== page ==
The funny part about the band is that Jamie and I didn’t really listen to the classic old-school Swedish stuff at all until we met Damian. I’d probably heard Entombed and Dismember like once when I was looking for other bands and didn’t pursue them for some reason. So he’s the one who got us into the old-school stuff. That’s how our sound came to be, I guess, because my brother and I were always approaching it from a more melodic, progressive sense and Damian has always been old-school to the bone. So we just mix those two things when we’re writing songs.

Do you feel like there’s a deeper musical connection between you and your brother than other musicians you’ve played with?
Yeah, I’d say so. Jamie would be the first one to tell you that he’s not the most technically proficient drummer out there, but he has an understanding of what the two of us want to hear. If I have a riff, nine out of ten times he knows what kind of rhythm I’m looking for. And if it’s not what I’m looking for, it’s something I didn’t think of that’s way better. He just seems to know how I want things to sound—and vice versa.

Obviously, there’s a long history of brothers in metal bands. More often than not, one of them is the drummer. Do you have a theory on that?
You don’t get the feeling of being a band if you’re not playing with a drummer. You can sit at home and write riffs all day, but it doesn’t really get you anywhere if you’re not playing with an actual beat. Even if you just have a drummer and one other instrument, you can still get that band feeling. So if I had to guess, I’d say that’s what it is: Someone’s gotta be the drummer. That’s what happened with us.

Both you and Damian play guitar and bass on your records. How does it work live?
Because we’ve mostly done one-offs and random appearances, we’ve played with two guitars and drums—no bass.

It seems like being in a band with your brother could be a double-edged sword. On the one hand, you’ve got all the musical advantages you mentioned—and presumably, nobody’s got your back like your brother. But I’m guessing no one can press your buttons like your brother, either.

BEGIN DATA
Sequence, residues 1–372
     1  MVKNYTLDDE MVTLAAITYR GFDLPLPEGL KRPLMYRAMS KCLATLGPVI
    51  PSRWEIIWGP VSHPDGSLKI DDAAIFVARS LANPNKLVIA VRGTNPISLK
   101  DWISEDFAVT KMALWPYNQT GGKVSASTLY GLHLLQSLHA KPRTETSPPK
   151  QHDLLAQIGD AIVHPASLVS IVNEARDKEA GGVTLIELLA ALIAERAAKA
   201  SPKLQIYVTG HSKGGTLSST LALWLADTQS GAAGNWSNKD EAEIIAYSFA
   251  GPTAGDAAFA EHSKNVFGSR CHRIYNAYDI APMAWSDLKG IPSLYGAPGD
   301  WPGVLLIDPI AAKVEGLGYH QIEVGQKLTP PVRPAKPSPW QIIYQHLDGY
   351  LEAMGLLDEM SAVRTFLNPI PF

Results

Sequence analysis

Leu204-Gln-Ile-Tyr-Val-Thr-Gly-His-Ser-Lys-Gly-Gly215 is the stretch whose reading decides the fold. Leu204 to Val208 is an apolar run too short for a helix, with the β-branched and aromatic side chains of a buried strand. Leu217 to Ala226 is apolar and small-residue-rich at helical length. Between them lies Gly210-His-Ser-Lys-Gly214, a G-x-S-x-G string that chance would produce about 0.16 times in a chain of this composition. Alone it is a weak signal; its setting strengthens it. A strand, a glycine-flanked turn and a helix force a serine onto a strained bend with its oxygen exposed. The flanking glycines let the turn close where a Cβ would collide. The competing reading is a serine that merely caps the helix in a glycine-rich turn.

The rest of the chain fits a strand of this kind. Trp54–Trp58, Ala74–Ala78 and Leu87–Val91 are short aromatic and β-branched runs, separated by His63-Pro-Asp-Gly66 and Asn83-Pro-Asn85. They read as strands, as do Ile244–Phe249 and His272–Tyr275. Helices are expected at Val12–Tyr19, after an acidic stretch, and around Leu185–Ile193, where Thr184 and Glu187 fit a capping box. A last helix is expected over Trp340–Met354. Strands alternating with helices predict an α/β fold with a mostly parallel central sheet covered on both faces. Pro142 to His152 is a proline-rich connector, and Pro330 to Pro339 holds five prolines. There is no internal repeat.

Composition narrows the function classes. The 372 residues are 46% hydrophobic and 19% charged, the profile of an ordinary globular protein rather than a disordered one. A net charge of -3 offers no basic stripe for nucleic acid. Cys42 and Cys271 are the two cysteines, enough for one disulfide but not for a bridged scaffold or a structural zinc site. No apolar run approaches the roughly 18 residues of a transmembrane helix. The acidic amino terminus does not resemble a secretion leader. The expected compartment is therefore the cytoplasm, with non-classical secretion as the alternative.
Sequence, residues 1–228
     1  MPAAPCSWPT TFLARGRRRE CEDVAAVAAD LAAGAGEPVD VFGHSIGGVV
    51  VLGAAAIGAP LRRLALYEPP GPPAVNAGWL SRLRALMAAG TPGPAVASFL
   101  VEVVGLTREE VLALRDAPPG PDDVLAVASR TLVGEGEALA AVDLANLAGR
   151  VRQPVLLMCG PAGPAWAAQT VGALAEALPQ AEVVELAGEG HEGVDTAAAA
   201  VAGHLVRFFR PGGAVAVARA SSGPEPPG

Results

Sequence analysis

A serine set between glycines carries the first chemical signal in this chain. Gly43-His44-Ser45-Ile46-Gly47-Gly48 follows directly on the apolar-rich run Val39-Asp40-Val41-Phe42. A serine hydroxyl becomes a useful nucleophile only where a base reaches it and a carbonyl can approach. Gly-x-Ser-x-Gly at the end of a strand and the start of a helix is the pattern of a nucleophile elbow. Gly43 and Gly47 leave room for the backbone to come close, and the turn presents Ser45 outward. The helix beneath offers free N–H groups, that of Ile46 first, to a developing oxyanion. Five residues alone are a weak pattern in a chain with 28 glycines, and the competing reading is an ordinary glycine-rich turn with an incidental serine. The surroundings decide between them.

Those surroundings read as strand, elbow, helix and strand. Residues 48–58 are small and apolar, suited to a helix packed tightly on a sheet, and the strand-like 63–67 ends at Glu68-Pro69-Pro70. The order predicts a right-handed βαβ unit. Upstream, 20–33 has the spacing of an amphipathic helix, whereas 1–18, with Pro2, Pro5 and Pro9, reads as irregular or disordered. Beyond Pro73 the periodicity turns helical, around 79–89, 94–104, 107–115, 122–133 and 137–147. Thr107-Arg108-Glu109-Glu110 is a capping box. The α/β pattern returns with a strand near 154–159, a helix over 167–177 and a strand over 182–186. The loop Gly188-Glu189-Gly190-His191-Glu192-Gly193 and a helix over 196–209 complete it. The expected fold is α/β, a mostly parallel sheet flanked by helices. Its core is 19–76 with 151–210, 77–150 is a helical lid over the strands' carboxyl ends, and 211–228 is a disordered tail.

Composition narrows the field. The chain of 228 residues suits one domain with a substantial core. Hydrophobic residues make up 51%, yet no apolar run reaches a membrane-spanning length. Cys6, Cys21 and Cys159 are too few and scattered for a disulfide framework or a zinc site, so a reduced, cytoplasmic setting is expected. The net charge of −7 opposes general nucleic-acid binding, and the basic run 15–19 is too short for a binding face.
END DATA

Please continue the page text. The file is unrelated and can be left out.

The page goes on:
Yeah, that’s true. [Laughs] But we’ve been friends with Damian for so long now that he’s almost like a third brother. That kind of goes along with the playing, too: When he and I are writing material, we have that almost telepathic connection that I don’t have with other people. I’m not sure why that developed. But as far as pressing buttons—as funny as it sounds, my brother and Damian are the ones who fight all the time. [Laughs] It’s not my brother and I.

Why do you think that is?
They both have very strong personalities and a sense of what should be done about certain things, whereas I just kind of go with the flow. The funny thing is, I lived with Damian for four years in South Carolina because I stayed there for a couple of years after school. By that time, my brother had already moved back to Philly. Whenever he’d come down to visit us, he and Damian would be bickering with each other within 20 minutes. [Laughs] But now my brother and I are in Philly and Damian lives in D.C. We all managed to get out of South Carolina.

Where do you practice?
My parents live kind of halfway between here and D.C., so we usually just meet up there and practice. We just head down to my parents’ basement like the old days.

They must love that.
Oh, yeah. [Laughs] They’ve been loving it for about twelve years now—twelve years of being extremely loud. You should interview them about how long it took them to get used to the incessant noise.

J. Bennett also has a brother, which makes him an expert on the subject.